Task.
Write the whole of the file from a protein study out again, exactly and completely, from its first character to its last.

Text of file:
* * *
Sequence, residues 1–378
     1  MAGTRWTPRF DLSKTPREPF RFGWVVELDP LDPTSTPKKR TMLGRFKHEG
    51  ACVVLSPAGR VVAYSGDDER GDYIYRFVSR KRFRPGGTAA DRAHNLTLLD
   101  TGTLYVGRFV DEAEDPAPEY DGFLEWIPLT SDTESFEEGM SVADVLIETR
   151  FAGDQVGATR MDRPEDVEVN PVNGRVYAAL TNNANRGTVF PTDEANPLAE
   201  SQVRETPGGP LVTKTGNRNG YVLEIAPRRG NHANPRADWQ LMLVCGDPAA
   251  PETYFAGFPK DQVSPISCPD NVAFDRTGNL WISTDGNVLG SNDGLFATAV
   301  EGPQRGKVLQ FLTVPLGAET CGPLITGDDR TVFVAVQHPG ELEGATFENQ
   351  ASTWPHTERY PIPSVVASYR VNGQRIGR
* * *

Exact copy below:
Sequence, residues 1–378
     1  MAGTRWTPRF DLSKTPREPF RFGWVVELDP LDPTSTPKKR TMLGRFKHEG
    51  ACVVLSPAGR VVAYSGDDER GDYIYRFVSR KRFRPGGTAA DRAHNLTLLD
   101  TGTLYVGRFV DEAEDPAPEY DGFLEWIPLT SDTESFEEGM SVADVLIETR
   151  FAGDQVGATR MDRPEDVEVN PVNGRVYAAL TNNANRGTVF PTDEANPLAE
   201  SQVRETPGGP LVTKTGNRNG YVLEIAPRRG NHANPRADWQ LMLVCGDPAA
   251  PETYFAGFPK DQVSPISCPD NVAFDRTGNL WISTDGNVLG SNDGLFATAV
   301  EGPQRGKVLQ FLTVPLGAET CGPLITGDDR TVFVAVQHPG ELEGATFENQ
   351  ASTWPHTERY PIPSVVASYR VNGQRIGR